WHAT ABOUT FACULTY OFFICE HOURS OR MEETINGS WITH ADMINISTRATIVE STAFF?
They will mostly happen remotely. Office hours and advising will all be just as plentiful as ever, they will most likely just be delivered by phone or on Zoom. Your professor will provide information about student–faculty contact outside of designated class time in the syllabus.
WHAT IF I GET SICK?
If you become ill, or need to care for someone who is ill, or do not have childcare because of COVID-19, please contact Assistant Dean Judi Ray for assistance with appropriate accommodations. Also, refer to the University’s FAQs on testing, tracing, and quarantining.
WHAT HAPPENS IF SOMEONE IN THE LAW SCHOOL GETS SICK?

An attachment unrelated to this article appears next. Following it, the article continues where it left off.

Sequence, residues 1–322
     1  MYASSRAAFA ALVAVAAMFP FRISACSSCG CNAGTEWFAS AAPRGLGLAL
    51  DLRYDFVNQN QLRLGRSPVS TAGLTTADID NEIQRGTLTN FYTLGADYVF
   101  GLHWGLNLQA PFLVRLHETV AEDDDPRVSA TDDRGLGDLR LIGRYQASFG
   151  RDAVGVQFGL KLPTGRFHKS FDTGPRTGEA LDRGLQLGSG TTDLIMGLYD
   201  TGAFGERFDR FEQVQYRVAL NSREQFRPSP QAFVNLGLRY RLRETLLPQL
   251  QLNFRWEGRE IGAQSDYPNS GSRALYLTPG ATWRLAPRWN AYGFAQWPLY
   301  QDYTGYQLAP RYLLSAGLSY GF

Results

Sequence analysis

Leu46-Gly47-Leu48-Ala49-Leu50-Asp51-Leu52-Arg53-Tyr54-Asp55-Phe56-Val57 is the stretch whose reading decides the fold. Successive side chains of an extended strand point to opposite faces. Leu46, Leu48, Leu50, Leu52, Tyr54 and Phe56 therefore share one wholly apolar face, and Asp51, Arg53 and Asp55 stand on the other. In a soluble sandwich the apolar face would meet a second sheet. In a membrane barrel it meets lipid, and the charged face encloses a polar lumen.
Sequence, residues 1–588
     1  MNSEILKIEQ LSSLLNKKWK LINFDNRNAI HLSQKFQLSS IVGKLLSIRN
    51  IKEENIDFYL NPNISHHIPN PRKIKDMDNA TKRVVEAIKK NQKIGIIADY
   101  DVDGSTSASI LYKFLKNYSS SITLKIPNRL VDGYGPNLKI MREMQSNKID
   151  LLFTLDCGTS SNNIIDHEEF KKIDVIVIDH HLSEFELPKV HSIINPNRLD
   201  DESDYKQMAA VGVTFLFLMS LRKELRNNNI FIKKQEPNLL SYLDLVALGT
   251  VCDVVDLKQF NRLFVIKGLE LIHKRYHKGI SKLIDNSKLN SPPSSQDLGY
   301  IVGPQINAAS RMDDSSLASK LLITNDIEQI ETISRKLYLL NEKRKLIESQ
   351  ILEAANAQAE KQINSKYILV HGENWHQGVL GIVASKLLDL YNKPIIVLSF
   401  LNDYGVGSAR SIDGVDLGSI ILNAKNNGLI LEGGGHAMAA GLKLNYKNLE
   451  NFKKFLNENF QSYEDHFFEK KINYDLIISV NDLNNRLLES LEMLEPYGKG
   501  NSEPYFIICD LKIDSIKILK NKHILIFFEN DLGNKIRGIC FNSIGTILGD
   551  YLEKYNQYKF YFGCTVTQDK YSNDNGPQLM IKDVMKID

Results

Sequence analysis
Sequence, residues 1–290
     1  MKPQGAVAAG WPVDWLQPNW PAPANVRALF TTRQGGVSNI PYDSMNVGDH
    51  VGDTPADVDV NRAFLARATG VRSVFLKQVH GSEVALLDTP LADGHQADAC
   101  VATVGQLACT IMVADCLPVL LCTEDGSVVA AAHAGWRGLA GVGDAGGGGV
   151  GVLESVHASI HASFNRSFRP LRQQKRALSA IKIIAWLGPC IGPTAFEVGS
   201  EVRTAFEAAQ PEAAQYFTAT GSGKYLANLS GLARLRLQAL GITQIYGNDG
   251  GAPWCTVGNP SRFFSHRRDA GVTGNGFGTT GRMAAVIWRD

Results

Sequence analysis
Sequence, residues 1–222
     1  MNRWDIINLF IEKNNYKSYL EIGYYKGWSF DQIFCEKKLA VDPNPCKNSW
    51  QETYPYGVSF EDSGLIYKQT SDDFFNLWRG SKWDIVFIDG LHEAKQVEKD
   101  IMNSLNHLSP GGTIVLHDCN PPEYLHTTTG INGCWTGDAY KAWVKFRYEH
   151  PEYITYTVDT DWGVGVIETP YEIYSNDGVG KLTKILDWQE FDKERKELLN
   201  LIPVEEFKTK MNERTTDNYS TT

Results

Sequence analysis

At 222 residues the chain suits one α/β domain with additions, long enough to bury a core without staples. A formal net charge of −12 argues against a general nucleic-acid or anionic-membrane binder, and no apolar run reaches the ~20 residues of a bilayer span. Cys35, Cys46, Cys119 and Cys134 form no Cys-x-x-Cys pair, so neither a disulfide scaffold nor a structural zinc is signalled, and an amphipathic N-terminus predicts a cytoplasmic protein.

The Jackson County Health Department, in coordination with medical health providers and SIU, has established protocols for contact tracing according to standards set by the Illinois Department of Public Health and the U.S. Centers for Disease Control and Prevention. SIU Emergency Operations Center personnel assist public health officials with contact tracing. Emergency Center staff may collect work schedules, class schedules, and phone numbers and relay the information to tracing staff. If an individual tests positive for COVID-19, contact tracing personnel reach out to request information on who they’ve interacted with recently. Those who are directly affected will be contacted. We have a responsibility to alert segments of population determined to be at risk. In the event of an immediate, significant danger to the health or safety campus community, campus officials may issue an emergency notification.